Pityriasis Versicolor in Babies and Children

Pityriasis versicolor in babies and children is a benign, non-contagious skin condition that occurs quite frequently. Learn more.
Pityriasis Versicolor in Babies and Children
Maria del Carmen Hernandez

Written and verified by the dermatologist Maria del Carmen Hernandez.

Last update: 10 May, 2023

Pityriasis versicolor in babies and children is a condition frequently seen in the doctor’s office. Although it’s a disease that’s not contagious, it must be solved quickly to avoid complications. It’s characterized by spots on different parts of the body generated by a fungus that’s specific to the skin. Are you interested in knowing more about it? Keep reading to learn more about this disease.

Why does pityriasis versicolor in babies and children occur?

Also known as tinea versicolor, it’s a common, benign, superficial, fungal infection of the skin. In fact, the fungus is a normal component of the skin flora. Some of the species associated with the disease are Malassezia furfur, Malassezia globosa, and Malassezia sympodialis. Although it can occur anywhere in the world, it’s more likely to develop in humid or warm climates.

Some of the situations that may predispose individuals to this type of infectious condition are the following:

  • Genetic predisposition
  • Environmental conditions such as heat and humidity
  • Immunodeficiencies
  • Oily skin
  • Pregnancy
  • Chronic use of oily lotions and creams
A newborn baby in a crib.
The presence of the fungus pityriasis versicolor on the skin prevents the infected area from tanning and hyperpigmentation. Therefore, patches of skin lighter than the surrounding healthy skin are evident.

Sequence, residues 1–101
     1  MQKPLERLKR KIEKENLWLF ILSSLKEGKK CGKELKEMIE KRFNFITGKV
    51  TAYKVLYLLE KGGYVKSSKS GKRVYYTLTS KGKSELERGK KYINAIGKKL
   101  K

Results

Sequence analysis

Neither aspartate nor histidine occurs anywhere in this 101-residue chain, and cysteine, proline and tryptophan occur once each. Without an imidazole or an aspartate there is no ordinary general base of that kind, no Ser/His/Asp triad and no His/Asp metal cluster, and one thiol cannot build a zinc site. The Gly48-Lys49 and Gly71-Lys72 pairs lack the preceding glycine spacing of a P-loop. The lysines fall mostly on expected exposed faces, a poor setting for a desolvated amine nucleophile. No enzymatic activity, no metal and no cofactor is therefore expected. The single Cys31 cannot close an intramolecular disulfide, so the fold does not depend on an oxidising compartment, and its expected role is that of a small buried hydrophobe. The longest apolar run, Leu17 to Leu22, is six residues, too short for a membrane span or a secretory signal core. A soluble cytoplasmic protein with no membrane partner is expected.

Clinical manifestations of pityriasis versicolor

The clinical features of pityriasis versicolor in babies and children include patches that are thinly scaling, hyperpigmented, or hypopigmented. In addition, the most frequent locations are the neck, trunk, and proximal extremities. In other words, it affects with greater predisposition the most seborrheic areas such as the face, scalp, back, and nape of the neck. This is evidenced by multiple well-defined plaques or patches.

The different variants of the lesions may be as follows:

  • Hypopigmented.
  • Hyperpigmented
  • Erythematous
  • Confluent
  • Disseminated

Skin lesions tend to be asymptomatic or present only mild pruritus. However, severe pruritus may occur in warm, humid conditions and may be the only symptom that needs to be treated.

Differential diagnoses

The clinical manifestations of pityriasis versicolor in infants and children are often similar to the symptoms and signs of various diseases. Therefore, it may lead to confusion with the following conditions:

Pityriasis versicolor can affect all social strata equally and is distributed worldwide. Dermatologists can even make an accurate diagnosis by simply observing the lesions on the skin.

Therapeutic options for pityriasis versicolor

A child with a large dark spot on her lower back.